Convicted of counterfeiting wine with a view to being extradited from the United States – 01/11/2021 – Food

America’s best-known forger will be free at all times. And what we believe, ready to return to action.

But not on American soil. In 2013, the Indonesian Rudy Kurniawan, 44, was the first convicted in the country for fraud of wines. His sentence expired on November 6, 2020, but because he was illegally in the country, he went to another cell: that of the immigration department, where he awaits his extradition.

Young Kurniawan, on a student visa, began attending wine tastings and auctions in California in 2003, making a huge impression.

He looked stupidly rich, from the wines he had and bought. He was generous with the rarities he took for dinner. Proven knowledge of the subject, as well as a privileged memory and a sharp taste.

Discreet about his life (he said he lives on a family allowance), affable, he won the admiration and friendship of Los Angeles wine lovers – film producers, sommeliers, millionaires who owned extravagant private vineyards.

From a big consumer, he also started selling rarities to friends and at auctions – in 2006, he sold 24.7 million US dollars (136 million reais) in wines in a single event.

It turns out that – as detailed in the documentary “Sour Grapes” broadcast on Amazon Prime – the sybarite prodigal hesitated to place, at an auction in New York in April 2008, 22 lots of Clos de la Roche and Clos St. Denis, from French producer Domaine Ponsot.

Alerted, the owner informed the auctioneer that, among the old vintages offered, there were some in which these wines were not produced. Exterior differences in labels and capsules.

Billionaire collector Bill Koch, suspecting bottles he had bought, hired detectives to investigate Kurniawan. The FBI pursued him.

Everything in his life was inconsistent – his name (the real one is Zhen Wang Huang); your stay in the country (illegal); and his family, who, far from being successful businessmen, were linked to Indonesia’s biggest bank robbery.

In March 2012, the FBI arrested him and found a small counterfeit wine factory in his home, with hundreds of old (empty) bottles, cork removal and replacement devices, 18,000 labels, glue. ..

And notes with formulas to produce fake wines. His taste was so crisp that he made mixtures that tasted convincing.

For example, for a copy of the French Château Mouton Rothschild 1945 (a superb Bordeaux vintage, and historic, since it was the first after the Nazi occupation), the recipe was: “half a bottle of Pichon 1988, a quarter of Napa Cabernet and a fourth from an oxidized Bordeaux bottle ”.

In short, a good wine of good vintage and not so young, from the same region; another from the same grape and more vigorous (from California’s Napa Valley); and, for a touch of antiquity, a hint of another from the Mouton region, but already oxidized (past).

Their skills resembled those of art forgers able to paint a Van Gogh so convincing that only great specialists can unmask it.

He also had another facility: the wines he sold were so rare that even an informed consumer would hardly have any comparison criteria.

Without acknowledging any crime, Kurniawan was sentenced to prison in December 2013. Now he is waiting to be put on a US government-designated plane to Jakarta (and not with his own first-class ticket, as he claimed. ..).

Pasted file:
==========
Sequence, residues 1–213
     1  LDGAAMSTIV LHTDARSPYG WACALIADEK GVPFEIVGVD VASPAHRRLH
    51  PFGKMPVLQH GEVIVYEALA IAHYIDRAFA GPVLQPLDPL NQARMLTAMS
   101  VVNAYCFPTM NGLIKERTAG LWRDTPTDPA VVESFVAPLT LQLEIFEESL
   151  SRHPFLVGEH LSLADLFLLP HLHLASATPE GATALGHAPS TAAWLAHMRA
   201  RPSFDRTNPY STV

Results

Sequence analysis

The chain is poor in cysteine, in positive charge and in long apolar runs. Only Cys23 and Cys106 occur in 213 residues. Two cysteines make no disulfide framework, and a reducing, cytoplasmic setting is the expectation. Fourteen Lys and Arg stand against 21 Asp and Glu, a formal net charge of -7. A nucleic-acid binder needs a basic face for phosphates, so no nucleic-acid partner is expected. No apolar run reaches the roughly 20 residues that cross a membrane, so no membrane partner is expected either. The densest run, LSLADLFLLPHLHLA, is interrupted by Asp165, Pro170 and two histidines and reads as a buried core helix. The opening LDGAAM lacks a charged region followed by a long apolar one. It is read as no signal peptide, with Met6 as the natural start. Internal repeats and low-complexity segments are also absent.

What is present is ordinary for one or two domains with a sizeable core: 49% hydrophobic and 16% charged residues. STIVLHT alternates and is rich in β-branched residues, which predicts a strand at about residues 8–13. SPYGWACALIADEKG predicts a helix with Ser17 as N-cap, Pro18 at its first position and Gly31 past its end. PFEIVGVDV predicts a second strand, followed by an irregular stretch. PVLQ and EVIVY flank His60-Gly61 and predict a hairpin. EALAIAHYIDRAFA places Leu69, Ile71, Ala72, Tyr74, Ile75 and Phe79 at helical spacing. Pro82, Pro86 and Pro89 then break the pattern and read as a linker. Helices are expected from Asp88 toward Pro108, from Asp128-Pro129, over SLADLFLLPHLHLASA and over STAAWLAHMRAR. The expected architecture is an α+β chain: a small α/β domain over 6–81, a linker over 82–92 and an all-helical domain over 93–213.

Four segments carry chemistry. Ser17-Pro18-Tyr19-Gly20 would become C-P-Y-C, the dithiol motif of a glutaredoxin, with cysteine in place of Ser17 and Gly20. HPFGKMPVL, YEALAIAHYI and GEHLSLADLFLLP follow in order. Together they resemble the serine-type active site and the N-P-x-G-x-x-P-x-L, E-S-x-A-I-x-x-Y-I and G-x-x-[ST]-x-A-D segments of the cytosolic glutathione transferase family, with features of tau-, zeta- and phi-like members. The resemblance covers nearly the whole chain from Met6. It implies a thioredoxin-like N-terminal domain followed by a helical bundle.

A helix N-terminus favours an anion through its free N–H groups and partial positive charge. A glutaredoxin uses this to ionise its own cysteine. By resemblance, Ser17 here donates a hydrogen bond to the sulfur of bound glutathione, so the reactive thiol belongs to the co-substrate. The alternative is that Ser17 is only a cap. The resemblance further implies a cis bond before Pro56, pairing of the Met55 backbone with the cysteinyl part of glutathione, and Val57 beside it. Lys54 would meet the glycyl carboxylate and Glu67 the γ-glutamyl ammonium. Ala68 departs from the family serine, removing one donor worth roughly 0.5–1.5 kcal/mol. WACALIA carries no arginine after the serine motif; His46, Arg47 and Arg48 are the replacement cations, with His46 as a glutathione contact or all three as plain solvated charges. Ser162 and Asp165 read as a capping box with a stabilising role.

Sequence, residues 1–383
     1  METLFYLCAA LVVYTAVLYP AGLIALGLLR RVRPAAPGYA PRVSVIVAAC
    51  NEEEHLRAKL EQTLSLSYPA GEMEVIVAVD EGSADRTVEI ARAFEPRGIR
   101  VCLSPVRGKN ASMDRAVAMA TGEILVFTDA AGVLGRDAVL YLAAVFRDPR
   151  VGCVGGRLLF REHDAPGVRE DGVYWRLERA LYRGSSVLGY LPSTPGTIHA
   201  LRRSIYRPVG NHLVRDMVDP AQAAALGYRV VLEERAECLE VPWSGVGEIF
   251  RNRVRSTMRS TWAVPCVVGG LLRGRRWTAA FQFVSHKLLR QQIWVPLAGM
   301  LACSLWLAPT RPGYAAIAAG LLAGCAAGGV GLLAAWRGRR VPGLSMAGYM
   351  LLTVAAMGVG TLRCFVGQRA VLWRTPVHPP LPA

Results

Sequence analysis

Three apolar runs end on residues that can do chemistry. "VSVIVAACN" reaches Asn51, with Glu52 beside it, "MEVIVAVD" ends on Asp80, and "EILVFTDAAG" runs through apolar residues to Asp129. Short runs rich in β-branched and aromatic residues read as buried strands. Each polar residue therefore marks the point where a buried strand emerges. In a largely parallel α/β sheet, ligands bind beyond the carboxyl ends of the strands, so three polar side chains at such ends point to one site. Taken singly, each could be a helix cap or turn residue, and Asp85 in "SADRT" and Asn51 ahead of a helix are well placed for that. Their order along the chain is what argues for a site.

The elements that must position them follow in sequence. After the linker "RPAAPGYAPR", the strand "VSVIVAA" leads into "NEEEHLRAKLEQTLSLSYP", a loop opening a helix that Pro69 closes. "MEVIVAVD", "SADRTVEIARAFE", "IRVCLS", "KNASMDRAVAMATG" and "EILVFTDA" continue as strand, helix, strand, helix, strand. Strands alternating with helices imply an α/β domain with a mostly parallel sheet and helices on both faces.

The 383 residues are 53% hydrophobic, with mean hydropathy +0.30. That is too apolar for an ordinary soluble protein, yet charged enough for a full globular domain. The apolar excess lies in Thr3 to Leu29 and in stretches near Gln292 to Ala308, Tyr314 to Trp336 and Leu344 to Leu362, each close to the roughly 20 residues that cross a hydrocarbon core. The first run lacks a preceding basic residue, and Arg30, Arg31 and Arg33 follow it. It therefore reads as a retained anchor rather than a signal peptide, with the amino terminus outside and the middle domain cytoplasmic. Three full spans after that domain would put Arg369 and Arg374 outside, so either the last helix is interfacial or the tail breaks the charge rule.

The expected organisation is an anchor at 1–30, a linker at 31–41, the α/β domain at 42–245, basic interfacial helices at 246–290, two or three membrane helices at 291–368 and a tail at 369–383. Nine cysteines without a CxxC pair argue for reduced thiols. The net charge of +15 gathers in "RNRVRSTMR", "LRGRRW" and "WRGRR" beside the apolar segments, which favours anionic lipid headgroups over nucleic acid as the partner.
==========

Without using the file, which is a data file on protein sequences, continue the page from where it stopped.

That’s if collector Koch’s process doesn’t avenge him for returning the $ 3 million he spent on counterfeit wines. Kurniawan – who also owes millions in loans from banks and auction houses – claims to be bankrupt.

Counterfeiting is a scourge that has always hit the world of wine. Recently, 50,000 fake bottles of Australian Penfolds were seized in China, and in Italy, 11,000 bottles of Tuscan Tignanello, prestigious wines, but from recent and less expensive vintages.

Billions of dollars are manipulated per year, and this is only the tip of the iceberg, as many victims – winegrowers and buyers – prefer to be silent rather than admit to having been defrauded, which in practice covers criminals. .

The highest numbers come from large-scale piracy, cheaper wines sold by the thousands to less careful mass consumption.

The Indonesian, on the other hand, has traveled to a much smaller and more profitable area, with astronomical gains per bottle – his “Mouton Rothschild 45”, for example, made with US $ 150, when sold for US $ 10,000. , Would “value” more than six thousand per hundred.

It is believed that once released, Kurniawan will not waste his talents. But it has become so well known that buyers (auction houses and collectors) for this type of wine are unlikely – even tycoons, even without good taste, to seek information on where they are putting their money.

It is assumed that Kurniawan (whose thousands of bottles sold are still mostly in circulation) will now have to focus at least on the noble sector of wholesale, mass counterfeiting, cheaper wines. Like those that we ordinary mortals drink.


How to make a Château Mouton Rothschild 1945, from notes by forger Rudy Kurniawan, about 10 years ago; current californian prices

+ Half-bottle of Pichon Longueville vintage 1988 (prestigious wine from the same region as Mouton, a very good vintage, already at its peak when the counterfeiter had been working for ten years)
Price of the bottle: $ 250
Cost: $ 125

+ A quarter of a bottle of Napa Valley Cabernet Sauvignon wine (e.g. Caymus Vineyards 2018, very happy new year)
Price of the bottle: $ 80
Cost: $ 20

+ A quarter of a bottle of oxidized Bordeaux (ordinary wine, already gone)
Price per bottle: $ 20
Cost: $ 5

Mix everything and wrap it in a bottle with a cap and a vintage label with the words “Château Mouton Rothschild 1945”

$ 150

$ 9,850

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